The UK has seen its influence within the Fintech community grow and grow in the last decade. It was bolstered in 2015 when David Cameron laid out a manifesto to increase the number of UK workers in Fintech to 235,000 people, marking a 100,000 increase in 5 years. Naturally, London would represent the beating heart of this industry and it has garnered the attention of some of the world’s hottest Fintechs around, including Atom Bank, TransferWise, Revolut and Clear Bank to name but a few. In February 2017 alone, Atom Bank raised a venture capital round that reportedly closed at close to £100m. But what is it that means the UK is attracting so many of these highly valued enterprises?
All in one place
London is without a doubt where the vast amount of major policy decisions and technological innovations in the UK are made. That means that Fintechs have access to a wealth of the UK’s hottest talent as well as industry leaders and policy setters who are there to guide and advise. In the US, for example, you can’t find all of these in one place and would have to seek out Washington, Silicon Valley and New York to bring all of this expertise together.
Government support and tax breaks
In 2015, George Osborne announced the construction of three multidisciplinary research centres which would make vast improvements to the UK Digital Economy’s knowledge and skills. At the same time, it has been agreed that by 2020, UK corporation tax will drop from 20% to 17%, making profitability easier to achieve.
A strong desire to invest
Following the natural uncertainty that has arisen regarding Brexit, investment in 2016 fell by a third but still amounted to a whopping £630m worth of funding into Fintech firms.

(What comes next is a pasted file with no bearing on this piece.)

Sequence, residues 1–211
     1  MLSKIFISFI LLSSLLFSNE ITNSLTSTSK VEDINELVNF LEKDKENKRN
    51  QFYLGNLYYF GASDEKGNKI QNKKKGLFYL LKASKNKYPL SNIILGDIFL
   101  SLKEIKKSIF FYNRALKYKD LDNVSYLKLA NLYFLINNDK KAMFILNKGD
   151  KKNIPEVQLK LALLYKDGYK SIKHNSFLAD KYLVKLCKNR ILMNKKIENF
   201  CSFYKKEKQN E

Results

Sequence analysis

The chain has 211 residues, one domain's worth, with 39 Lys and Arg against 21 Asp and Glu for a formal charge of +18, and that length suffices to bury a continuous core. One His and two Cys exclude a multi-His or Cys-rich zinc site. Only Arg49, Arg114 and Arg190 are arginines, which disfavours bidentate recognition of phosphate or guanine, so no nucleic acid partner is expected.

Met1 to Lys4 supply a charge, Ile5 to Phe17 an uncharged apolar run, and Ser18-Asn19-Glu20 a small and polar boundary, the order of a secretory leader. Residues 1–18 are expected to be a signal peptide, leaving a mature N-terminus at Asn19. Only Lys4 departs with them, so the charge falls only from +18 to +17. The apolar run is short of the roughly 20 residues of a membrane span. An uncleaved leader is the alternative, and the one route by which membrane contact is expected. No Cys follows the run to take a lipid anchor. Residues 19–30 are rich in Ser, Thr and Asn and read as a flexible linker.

In February 2016, the FCA Director of Strategy and Competition, Christopher Woolard, made clear the layout of what is deemed “the sandbox”. This gives Fintech companies the ability to test out and develop their ideas without the fear of the normal reprisals that can incur for established firms. This reduces the fear of starting out in the UK financial sector and encourages innovation.
In the coming years, any uncertainty over Brexit should settle and the UK can see where it stands globally in the service sector. With such strong measures in place to promote UK Fintech, it is hoped that we are in as strong a position as previous and it is expected we may have grown even further.
There are naturally many fears when starting up a financial organisation in any country and amongst them are fears of legal issues, dealing with UK market entry, HR, finance and payroll. That is why Goodwille exists. With a strong proven track record, we hope to help support and develop UK innovation through working with technology start-ups. So if you are a company looking to possibly open a office in the UK and need advice and support on any of the aforementioned points, then please do get in touch.